Why IDF soldiers stand idly by when settlers attack Palestinians

By Dana Golan

Last Saturday, a B’Tselem video camera captured an incident of settler violence that began with rocks being thrown at Palestinians near the village of Asira al-Qibliya in the outskirts of Nablus, and ended with live shots fired by the settlers and a wounded Palestinian youth.

Anyone who saw the video could easily make out the IDF soldiers standing next to the settlers, doing nothing to stop them. Those watching from the sidelines may have been surprised by the useless stance of the soldiers. But anyone who understands the reality in the Occupied Territories well knows that that this is just another example of the long-entrenched paradigm that constitutes the basis of IDF activity on the ground: We are not here to protect Palestinians. Not when the settlers burn their olive trees or throw rocks at them. And not even when settlers shoot at them.

The most extreme outcome of this paradigm was the massacre at the Tomb of the Patriarchs in 1994. When Baruch Goldstein, a settler from Kiryat Arba, entered the Tomb, there were no cameras to record the incident and no soldiers (or Border Police officers) to stand in opposition. But even if they had been there, it’s reasonable to assume that they wouldn’t have been the ones to stop the firing. The reason for this, as published in the report by the Shamgar Committee charged with investigating the incident, is that the rules of engagement given to Border Police officers serving there at the time forbade them from directing any fire of any kind at a Jewish settler. In testimony given by one of the officers to the Committee, the explicit command was described: “Arms may not be used against any Jewish settler in Hebron, along with any crowd dispersal method, even if said settler is endangering my own life or the life of an Arab near him.” Another commander from a Border Police company in Hebron testified that the rules regarding disturbance of the peace by a Jew were, “to take shelter so as not to be injured, to wait until his weapon jams or the magazine runs out, and to then try to overpower him through other means.” Baruch Goldstein was stopped when his weapon jammed; the result was 29 Palestinians killed and dozens injured.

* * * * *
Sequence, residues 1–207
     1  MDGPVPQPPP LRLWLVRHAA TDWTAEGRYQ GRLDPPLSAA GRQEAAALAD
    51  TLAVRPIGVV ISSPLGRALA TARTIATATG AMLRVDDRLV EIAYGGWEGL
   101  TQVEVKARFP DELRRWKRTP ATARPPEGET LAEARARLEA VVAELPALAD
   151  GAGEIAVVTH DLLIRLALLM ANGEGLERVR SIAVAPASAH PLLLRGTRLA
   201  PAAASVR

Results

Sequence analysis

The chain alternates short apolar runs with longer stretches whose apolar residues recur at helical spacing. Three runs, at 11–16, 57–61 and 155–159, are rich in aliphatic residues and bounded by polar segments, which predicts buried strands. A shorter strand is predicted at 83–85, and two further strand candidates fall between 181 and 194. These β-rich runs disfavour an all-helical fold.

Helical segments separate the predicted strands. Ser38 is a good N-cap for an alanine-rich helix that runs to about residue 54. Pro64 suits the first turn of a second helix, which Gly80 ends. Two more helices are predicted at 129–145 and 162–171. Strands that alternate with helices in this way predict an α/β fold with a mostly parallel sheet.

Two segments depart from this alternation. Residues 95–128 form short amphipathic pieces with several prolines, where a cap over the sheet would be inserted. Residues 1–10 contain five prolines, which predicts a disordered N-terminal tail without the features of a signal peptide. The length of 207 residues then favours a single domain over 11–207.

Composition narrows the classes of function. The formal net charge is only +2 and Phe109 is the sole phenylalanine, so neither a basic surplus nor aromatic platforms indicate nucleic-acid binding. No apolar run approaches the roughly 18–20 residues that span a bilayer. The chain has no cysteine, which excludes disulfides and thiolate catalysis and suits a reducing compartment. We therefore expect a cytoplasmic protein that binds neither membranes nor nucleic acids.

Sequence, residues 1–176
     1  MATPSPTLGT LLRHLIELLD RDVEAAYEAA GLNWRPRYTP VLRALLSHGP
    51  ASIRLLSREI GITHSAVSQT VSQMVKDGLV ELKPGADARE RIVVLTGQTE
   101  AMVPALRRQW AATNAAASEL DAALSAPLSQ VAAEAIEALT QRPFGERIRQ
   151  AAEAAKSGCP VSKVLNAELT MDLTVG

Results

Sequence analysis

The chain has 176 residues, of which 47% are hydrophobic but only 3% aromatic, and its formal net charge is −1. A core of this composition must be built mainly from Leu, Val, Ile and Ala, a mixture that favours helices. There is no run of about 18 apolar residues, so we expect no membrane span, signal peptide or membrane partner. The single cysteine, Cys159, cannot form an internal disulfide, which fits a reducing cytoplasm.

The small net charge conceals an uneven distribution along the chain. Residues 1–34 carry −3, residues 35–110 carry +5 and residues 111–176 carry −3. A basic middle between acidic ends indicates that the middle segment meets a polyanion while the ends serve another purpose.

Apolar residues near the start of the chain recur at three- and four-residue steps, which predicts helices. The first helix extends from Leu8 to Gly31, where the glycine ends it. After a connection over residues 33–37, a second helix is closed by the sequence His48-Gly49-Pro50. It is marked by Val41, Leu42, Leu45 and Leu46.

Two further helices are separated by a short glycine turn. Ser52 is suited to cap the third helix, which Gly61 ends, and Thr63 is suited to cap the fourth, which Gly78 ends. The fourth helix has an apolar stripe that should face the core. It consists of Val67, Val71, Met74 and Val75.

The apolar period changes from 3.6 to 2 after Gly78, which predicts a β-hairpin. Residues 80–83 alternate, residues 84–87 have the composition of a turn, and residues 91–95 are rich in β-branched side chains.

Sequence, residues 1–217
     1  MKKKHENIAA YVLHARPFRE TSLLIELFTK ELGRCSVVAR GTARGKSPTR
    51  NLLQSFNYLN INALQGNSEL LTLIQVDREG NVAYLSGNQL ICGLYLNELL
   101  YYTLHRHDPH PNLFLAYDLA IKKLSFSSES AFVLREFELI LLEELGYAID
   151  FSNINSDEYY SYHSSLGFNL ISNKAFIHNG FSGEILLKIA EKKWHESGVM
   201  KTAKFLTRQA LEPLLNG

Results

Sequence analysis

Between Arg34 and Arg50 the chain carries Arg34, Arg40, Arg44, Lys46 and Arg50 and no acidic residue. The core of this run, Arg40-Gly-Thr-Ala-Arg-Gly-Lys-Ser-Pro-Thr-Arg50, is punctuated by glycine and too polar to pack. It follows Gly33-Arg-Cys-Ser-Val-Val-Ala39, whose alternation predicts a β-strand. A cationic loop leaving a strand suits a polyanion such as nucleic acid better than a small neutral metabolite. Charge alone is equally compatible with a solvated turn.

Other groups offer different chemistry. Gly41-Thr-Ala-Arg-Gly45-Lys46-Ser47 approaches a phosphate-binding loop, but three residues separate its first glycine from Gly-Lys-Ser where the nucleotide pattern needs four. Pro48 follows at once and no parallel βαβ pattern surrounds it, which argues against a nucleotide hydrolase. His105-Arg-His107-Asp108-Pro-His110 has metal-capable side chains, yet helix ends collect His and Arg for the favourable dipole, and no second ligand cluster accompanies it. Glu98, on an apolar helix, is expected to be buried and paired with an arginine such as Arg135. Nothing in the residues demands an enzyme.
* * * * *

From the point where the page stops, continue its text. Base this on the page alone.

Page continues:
After the Shamgar Committee investigation, the rules of engagement changed. The command to wait for a weapons jam was replaced with the direction to “instruct the shooter or person endangering life through other means to cease his actions, or to try to overpower him immediately, while using reasonable force.” In the case that the shooter is not deterred by the soldiers’ requests to cease fire, they are required, according to the IDF instructions, to carry out something similar to the “procedure for detaining a suspect”: shots in the air, shots towards the legs, and only then, shots to neutralize the danger.

This is how it is on paper. In reality, the soldier on the ground receives oral commands that preserve the order to do nothing in instances of Israeli fire towards Palestinians, and in instances of less severe violence, “to serve as a buffer.” Soldiers on the ground are well-trained to take action when a Palestinian attacks, but not when he is the victim of settler violence. Most of the testimonies given to Breaking the Silence don’t relate to the commands given in the instance of an Israeli shooting at a Palestinian because the perception is that the IDF is in the Occupied Territories in order to protect the settlers, and this is the basis for all routine IDF activity. You don’t shoot at the ones you were sent to protect.

Perhaps its because I served in Hebron, or perhaps because I’ve been exposed to many soldier testimonies that describe incidents of settler violence towards Palestinians – but I cannot understand the Israeli public’s amazement surrounding the video from Saturday. After nearly 45 years of occupation, even those Israelis who never served in the Territories should already know that this is what life looks like in the “backyard” of our own State. This is the reality created by constant discrimination and the enforcement of two separate law regimes. The soldiers who just stood there should not be the targets of disgust for their unfit behavior. It is us, the civilians at home, who continue to send them there to enforce this discriminatory occupation, who should be looking in the mirror and asking ourselves how we let this reality develop and continue.

First Lieutenant (Res.) Dana Golan is the Executive Director of Breaking the Silence. She served in the Border Police in Hebron in 2001.